Tyrone 'character' Raymond Browne-Lecky's dying wish
- 21 November 2011
- From the section Northern Ireland
When a flamboyant County Tyrone man died in 1961, it was his dying wish that two charities would benefit from revenues from part of his estate.
Fifty years later, the payments to those charities have stopped.
Raymond Saville Conolly de Montmorency Lecky-Browne-Lecky was one of Northern Ireland's more colourful characters.
He was part of the landed gentry and lived in Ecclesville - a big house in Fintona, County Tyrone.
Family researcher Alex Watson said he was an eccentric but very generous individual.
"Raymond was always dressed in mauve and lavender colours. The local people sometimes made a bit of fun of him but I think Raymond took it in good spirits. He did a lot for the area. I think people at the time were very grateful for his charitable work."
In the Public Records Office, you can see Raymond's original old scrapbook and see just how much he did for charity.
It is full of newspaper cuttings of various fundraising events he organised and performed in.
Known as Tibby to his friends and family, he was an actor, a musician and a renowned female impersonator.
So it is perhaps no great surprise that these passions were high in his thoughts when he made out his will.
Aside from leaving many of his possessions to the church and his great house to the government in Northern Ireland - he wanted to two charities to benefit - two charities that supported the arts.
Both of the charities are based in London. The Actors' Charitable Trust started out as an orphanage caring for the illegitimate children of actresses. Today it cares for the children of actors, mostly in their own homes - children with special needs or with an actor parent who is seriously ill.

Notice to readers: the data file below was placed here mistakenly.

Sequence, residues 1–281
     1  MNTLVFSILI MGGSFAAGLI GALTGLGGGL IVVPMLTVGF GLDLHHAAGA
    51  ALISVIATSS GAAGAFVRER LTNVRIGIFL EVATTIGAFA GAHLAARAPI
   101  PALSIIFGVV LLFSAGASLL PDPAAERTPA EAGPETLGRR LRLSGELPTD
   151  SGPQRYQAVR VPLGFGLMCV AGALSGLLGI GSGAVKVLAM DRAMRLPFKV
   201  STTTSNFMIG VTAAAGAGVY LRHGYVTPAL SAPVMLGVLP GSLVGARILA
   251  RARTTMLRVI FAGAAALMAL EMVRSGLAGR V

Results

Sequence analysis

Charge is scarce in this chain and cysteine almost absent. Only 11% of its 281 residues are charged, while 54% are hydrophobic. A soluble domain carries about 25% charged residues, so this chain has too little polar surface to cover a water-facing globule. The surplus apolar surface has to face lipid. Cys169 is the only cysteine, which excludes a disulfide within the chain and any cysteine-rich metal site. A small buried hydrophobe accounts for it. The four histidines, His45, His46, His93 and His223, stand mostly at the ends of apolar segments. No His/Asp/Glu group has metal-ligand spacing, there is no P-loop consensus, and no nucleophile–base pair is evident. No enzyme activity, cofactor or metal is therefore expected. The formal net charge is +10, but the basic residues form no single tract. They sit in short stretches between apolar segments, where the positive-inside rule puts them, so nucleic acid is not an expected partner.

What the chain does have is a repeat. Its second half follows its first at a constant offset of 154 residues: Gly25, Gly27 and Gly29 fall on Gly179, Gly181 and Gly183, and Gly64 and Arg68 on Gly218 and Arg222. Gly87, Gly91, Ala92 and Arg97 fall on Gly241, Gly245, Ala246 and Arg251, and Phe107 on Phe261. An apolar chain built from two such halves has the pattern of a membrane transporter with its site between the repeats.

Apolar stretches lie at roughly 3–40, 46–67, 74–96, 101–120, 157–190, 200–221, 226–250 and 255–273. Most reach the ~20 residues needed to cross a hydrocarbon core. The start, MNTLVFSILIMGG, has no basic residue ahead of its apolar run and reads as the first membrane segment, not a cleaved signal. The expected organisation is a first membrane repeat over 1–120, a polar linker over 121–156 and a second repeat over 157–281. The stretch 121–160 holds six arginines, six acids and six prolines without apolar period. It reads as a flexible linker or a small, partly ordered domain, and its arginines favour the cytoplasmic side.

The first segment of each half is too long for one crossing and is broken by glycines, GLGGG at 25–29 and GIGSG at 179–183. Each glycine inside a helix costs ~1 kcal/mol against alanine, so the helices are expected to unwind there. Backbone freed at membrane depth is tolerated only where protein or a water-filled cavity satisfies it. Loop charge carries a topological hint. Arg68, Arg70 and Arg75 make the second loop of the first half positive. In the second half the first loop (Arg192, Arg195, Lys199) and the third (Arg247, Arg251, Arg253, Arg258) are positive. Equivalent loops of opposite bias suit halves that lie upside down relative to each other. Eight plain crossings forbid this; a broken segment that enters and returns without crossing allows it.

The Musicians' Benevolent Fund has been helping musicians during difficult times across the UK for 90 years.
Hugh Logan from Cunningham and Dickey Solicitors has been looking after the estate of Raymond Browne-Lecky for about 30 years. He said the two charities were entitled to money from two sources. Firstly the sale or vesting of properties owned by Raymond in Londonderry and, secondly, from ground rents he owned in the city.
"When a ground rent is created - when it is on the title of your property - you have a responsibility to pay the ground rent. All ground rents - again historically by law are payable half yearly on 1 May and 1 November in arrears."
There are thousands of ground rents all over Northern Ireland - some for as little as a few pounds a year, while others go into the hundreds.
The two charities were to benefit from a number of them - but one in particular was quite lucrative to them - and it was to be paid by Derry City Council. For a time, the charities did receive the money - but around 15 years ago it stopped - and no-one really knows why.
You can hear more about this story on BBC Newsline at 18:30 GMT on BBC One on Monday.